Leaders of religious organisations in Oyo state on Wednesday, in Ibadan, rejected the decision of the state government asking them to pay security levies on their organisations in order to prevent the state from the wave of robberies growing in the neighbouring states.
OYO INSIGHT had reported how the state government on Tuesday, resolved that churches and mosques would be paying to government coffers, specific amount of money as security levies, stating that it is in compliance with section 11(4)of the Security Trust Fund Law 2017 of the pace setter state.
Churches and Mosques according to the recommendations, are to pay N60,000 per annum, manufacturing companies between would be paying between N80,000 and N100,000 depending on their sizes while agricultural companies would be paying N50,000.
Speaking on the proposed levy, the founder and spiritual head of Shafaudeen in Islam, Professor Sabit Ariyo Olagoke, came hard on the state government’s describing it as ill-timed, exploitative and ungodly.
Olagoke said: “The plan of government is ill-timed and wicked because most of the people in mosques and churches are groaning under poverty and hunger. Salaries are not paid and the little they are paid are not enough to offset the debts of believers in churches and mosques.”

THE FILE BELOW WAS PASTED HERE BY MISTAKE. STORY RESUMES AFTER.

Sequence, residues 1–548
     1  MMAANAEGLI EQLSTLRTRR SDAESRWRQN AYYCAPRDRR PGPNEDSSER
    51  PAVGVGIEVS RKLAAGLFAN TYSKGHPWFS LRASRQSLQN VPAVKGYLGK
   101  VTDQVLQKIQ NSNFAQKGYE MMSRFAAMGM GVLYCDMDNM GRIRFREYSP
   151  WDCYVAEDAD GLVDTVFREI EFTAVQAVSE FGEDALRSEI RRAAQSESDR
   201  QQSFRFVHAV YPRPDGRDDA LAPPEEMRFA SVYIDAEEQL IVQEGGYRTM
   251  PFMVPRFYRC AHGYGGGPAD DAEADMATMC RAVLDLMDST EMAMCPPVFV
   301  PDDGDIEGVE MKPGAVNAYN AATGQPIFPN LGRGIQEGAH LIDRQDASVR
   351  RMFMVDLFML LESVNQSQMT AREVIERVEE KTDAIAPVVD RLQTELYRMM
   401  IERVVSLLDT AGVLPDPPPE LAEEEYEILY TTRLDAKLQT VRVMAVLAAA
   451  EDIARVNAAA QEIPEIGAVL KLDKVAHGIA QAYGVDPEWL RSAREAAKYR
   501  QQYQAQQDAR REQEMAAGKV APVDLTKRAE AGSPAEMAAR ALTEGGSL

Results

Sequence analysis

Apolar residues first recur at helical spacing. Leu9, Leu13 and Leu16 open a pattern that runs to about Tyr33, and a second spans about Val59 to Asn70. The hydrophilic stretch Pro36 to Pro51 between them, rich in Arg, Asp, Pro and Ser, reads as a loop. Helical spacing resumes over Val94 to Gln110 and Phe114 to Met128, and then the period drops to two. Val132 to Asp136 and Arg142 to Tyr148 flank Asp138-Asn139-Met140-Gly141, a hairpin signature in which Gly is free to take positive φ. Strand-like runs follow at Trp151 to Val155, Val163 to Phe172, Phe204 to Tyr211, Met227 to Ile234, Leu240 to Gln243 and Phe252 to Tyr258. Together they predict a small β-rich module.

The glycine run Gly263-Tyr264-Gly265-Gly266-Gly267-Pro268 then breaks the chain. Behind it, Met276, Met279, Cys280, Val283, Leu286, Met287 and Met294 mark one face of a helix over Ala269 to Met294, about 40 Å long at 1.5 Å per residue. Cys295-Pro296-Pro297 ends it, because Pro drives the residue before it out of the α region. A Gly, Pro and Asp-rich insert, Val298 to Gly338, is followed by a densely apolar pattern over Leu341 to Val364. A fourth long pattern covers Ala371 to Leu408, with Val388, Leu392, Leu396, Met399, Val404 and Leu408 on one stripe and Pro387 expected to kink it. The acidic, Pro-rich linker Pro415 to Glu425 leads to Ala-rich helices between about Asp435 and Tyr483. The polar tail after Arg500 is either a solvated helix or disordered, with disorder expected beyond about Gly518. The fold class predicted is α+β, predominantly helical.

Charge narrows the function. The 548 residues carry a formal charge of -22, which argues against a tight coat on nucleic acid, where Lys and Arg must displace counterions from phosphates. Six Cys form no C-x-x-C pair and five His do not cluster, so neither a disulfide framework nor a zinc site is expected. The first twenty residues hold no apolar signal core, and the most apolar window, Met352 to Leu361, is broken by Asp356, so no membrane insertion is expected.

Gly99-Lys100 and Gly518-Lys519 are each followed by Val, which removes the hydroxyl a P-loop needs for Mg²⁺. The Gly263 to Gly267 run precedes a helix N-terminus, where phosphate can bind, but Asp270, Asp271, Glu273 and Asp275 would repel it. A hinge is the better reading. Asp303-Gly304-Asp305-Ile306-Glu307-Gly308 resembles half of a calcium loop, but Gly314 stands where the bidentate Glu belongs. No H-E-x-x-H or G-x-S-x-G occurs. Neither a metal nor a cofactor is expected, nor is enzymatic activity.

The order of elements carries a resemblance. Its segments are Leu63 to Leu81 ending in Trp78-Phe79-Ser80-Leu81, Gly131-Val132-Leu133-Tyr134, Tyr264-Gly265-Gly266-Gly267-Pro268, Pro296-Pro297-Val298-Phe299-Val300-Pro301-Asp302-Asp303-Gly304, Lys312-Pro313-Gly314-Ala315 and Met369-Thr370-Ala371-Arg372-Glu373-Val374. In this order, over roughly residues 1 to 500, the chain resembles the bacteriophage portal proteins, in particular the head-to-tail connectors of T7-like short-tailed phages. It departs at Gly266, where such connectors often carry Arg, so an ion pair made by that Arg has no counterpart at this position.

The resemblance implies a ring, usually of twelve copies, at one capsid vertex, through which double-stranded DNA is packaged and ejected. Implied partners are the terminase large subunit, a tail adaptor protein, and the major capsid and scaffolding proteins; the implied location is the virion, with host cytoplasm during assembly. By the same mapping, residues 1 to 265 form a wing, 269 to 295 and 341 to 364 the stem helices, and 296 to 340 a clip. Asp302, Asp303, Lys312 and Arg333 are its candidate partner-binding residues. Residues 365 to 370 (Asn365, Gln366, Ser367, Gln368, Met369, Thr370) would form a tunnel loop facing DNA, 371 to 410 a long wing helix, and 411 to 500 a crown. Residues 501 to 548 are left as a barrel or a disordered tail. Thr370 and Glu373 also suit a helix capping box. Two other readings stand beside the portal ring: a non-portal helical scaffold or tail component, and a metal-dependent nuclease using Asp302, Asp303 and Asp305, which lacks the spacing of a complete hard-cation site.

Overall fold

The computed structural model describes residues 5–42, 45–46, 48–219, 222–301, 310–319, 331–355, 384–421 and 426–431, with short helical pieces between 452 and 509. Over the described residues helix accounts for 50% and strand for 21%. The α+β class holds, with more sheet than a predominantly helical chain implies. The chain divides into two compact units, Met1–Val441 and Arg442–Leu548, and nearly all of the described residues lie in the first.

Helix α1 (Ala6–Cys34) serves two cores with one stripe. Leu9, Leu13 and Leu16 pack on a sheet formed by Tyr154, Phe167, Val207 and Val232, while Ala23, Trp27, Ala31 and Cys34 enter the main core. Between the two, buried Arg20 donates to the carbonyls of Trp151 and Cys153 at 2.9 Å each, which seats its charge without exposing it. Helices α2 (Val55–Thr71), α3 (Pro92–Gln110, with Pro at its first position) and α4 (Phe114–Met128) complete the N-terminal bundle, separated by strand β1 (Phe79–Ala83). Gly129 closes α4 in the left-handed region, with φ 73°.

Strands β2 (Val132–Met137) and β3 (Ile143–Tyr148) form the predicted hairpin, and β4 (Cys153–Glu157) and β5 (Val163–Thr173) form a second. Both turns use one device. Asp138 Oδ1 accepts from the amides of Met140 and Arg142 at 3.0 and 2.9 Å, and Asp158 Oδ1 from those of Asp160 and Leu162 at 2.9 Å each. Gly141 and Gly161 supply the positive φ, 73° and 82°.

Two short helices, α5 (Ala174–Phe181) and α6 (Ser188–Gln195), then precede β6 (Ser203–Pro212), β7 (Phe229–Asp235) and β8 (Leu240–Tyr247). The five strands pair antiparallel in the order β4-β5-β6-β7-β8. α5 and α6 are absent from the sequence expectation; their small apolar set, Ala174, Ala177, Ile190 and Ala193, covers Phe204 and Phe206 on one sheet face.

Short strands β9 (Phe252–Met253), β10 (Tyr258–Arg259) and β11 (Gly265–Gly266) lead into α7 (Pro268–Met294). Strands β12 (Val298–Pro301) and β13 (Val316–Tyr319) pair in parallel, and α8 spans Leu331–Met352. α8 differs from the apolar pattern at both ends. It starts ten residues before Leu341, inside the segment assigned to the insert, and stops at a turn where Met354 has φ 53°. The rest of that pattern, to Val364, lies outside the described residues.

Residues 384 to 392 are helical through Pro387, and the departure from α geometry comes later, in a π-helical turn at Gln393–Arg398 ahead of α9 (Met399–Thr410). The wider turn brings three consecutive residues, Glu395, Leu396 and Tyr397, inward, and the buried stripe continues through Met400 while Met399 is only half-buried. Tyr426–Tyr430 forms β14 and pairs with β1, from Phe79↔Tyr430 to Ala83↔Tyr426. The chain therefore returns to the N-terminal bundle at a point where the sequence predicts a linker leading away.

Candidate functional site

He explained in Ibadan during a telephone chat that people heading religious organisations could be grouped in four categories which are those genuinely called, political apologists, religious ‘commercialists’ who are out to make money and are being patrionised by government as well as religious hypocrites.
Olagoke pointed out that it was those religious leaders who are government apologists that would buy the idea of paying security levies, adding that whatever name it is given, it is double taxation and it should be condemned.
“Government should be able to identify the area of social responsibility of religious houses which are not set up for revenue generation but to mould the society and call people to righteousness,” he added.
The former president of Aladura church of Nigeria, Olapade Agoro, was of the view that churches and mosques should be exempted from the levy, pointing out that the trend might cause confusion as most of the religious organisations are not business outfits.
A member of Jehovah Witness who preferred to be anonymous also disagreed with the proposed security levy. He argued that Jehovah was the only one to secure his life, adding that such security levy could be termed extortion.